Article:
Last week the world breathed a small sigh of relief as the Paris Climate Change talks came to a positive conclusion and the assembled countries agreed to slow and ultimately reverse carbon emissions. Every country has to play its part in this – and Scotland is proud of its existing commitment to cutting emissions.
There are many ways countries can reduce the amount of fossil fuel they burn but there’s no escaping the fact that transport is a big (and rising) source of greenhouse gases in Scotland and that active travel can play a huge role in reducing emissions. The ECF calculated that we could achieve 12 to 26% of the target reductions for the transport sector if we all cycled like the Danes – and the brilliant thing about bikes is that they exist now, they’re a technology that’s already well nigh perfect, and people will use them if they’re given the conditions to ride safely, conveniently and directly to where they want to go.
This week, the Scottish government released its draft budget – and we would have hoped that with the ink barely dry on the Paris agreement, that its spending priorities would reflect the ambition the whole world has signed up to to keep global warming to below dangerous levels. Sadly, we were disappointed
Spokes, as ever, have the details – and there is enough uncertainty over how money is allocated that there might be a few extra thousands here or or there – but the headline figure spells out this government’s priorities pretty clearly:
“trunk road spending up a massive 18% to £820m, with rail down by 7%.”
Meanwhile, the money for Cycling, Walking and Safer Streets (that’s the main source of funding that local authorities use to build cycling infrastructure) is down:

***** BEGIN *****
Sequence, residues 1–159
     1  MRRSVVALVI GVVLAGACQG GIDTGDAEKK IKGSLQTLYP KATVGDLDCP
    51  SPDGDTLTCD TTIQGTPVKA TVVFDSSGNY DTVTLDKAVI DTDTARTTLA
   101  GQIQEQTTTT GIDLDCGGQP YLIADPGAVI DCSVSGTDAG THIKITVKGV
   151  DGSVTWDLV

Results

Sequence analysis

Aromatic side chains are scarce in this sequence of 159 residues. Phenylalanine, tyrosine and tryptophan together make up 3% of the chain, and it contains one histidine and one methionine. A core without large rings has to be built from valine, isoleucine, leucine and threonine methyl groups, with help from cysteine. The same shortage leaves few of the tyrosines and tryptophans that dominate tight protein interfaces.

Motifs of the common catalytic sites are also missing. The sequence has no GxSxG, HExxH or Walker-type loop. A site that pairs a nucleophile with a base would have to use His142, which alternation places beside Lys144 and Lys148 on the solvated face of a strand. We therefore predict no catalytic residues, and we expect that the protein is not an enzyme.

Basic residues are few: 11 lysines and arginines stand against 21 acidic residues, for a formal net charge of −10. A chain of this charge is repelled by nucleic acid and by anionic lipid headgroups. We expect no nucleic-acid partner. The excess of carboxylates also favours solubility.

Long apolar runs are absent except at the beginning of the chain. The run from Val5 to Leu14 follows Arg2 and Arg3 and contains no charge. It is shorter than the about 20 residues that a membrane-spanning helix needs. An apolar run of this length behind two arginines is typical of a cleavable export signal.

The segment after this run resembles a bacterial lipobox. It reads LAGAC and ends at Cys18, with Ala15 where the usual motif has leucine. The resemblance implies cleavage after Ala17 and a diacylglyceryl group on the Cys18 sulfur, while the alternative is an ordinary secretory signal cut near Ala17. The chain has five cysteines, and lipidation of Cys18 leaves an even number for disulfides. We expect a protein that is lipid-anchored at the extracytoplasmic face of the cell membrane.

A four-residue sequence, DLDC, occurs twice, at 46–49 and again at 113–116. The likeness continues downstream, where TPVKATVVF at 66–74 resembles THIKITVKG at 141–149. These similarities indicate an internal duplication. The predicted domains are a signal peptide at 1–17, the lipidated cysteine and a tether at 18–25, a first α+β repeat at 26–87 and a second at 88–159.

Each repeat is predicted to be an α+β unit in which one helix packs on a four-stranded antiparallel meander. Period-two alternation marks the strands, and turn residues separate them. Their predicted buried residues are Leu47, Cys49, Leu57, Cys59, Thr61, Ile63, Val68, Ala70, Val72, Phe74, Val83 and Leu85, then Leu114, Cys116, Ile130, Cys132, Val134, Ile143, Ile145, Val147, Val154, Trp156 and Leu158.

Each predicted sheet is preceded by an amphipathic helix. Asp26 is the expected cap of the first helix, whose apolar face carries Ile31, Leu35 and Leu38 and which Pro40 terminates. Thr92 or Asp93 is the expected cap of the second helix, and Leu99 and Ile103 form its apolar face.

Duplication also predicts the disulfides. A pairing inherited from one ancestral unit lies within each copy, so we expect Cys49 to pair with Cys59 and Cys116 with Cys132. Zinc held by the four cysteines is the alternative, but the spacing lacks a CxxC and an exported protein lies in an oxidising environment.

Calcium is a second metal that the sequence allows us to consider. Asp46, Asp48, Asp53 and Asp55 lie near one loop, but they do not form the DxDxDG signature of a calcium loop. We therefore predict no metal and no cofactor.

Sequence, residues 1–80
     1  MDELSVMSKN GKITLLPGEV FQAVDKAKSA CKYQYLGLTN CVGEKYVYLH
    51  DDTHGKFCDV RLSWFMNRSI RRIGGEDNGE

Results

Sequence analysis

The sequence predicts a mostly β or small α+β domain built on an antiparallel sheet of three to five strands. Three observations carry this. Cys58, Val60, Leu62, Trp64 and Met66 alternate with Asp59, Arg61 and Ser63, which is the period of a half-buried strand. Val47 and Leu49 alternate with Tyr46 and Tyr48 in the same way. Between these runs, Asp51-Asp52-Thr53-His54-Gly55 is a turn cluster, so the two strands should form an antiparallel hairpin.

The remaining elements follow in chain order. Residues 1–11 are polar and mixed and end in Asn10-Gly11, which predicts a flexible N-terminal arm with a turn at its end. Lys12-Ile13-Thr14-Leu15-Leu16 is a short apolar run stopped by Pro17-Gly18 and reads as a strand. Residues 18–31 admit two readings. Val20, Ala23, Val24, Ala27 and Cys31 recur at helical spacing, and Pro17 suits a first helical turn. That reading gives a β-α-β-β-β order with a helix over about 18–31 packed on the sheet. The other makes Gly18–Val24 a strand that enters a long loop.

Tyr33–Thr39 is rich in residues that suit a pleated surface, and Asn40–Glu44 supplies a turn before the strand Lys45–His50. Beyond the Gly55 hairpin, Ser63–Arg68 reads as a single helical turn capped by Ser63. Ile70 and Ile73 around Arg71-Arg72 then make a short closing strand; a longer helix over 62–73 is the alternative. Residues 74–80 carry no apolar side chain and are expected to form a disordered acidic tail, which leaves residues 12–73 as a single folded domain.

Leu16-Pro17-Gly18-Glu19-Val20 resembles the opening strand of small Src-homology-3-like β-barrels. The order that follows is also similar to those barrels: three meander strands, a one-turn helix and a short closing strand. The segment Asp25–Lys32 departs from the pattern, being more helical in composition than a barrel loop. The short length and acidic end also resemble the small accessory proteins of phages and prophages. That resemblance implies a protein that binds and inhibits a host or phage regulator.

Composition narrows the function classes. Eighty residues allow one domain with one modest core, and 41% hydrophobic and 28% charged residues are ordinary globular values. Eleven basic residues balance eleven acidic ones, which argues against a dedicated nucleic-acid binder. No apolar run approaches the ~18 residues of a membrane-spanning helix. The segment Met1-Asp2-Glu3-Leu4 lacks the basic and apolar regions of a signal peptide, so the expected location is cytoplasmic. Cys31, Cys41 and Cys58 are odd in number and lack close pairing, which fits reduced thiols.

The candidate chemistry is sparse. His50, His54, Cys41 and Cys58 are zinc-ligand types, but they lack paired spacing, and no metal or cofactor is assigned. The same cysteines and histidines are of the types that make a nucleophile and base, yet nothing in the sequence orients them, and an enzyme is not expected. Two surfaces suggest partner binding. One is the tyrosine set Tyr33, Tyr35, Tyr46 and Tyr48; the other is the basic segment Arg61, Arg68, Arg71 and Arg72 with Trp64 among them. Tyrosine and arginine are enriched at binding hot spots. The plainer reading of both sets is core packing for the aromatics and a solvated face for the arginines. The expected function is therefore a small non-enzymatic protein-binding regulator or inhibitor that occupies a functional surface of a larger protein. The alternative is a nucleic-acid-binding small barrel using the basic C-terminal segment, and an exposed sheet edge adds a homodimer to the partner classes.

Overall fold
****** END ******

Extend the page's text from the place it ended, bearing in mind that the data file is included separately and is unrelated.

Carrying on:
“The CWSS Fund (Cycling, Walking, Safer Streets) – the most basic active travel fund, on which all Scottish Councils rely for base active travel funding, and to raise match-funds from elsewhere, is slashed by 25% from £8.0m to just £5.9m.”
Remember, this is a government with a ‘shared vision’ of 10% of journeys by bike by 2020 – a vision that’s looking increasingly hallucinatory with every year that passes. You cannot build cycling without long term substantial investment. You cannot cut car dependency (and the closure of the Forth Road Bridge has shown how car dependent Scotland is, even in the densely populated Central Belt) by building more and more trunk roads. If Scotland wants to play its part on the world stage then it needs to recognise this and embrace the priorities of the future.
If this bothers you as much as it does us, then you need to act. Tell your MSPs what you think of the budget before it’s set in stone. Follow the Walk Cycle Vote campaign and make sure that active travel is firmly on the agenda at next year’s Holyrood elections. And above all, make sure you make it along to next year’s POP to tell the parties in person that Scotland needs to change. It’s not too late – but it will be soon.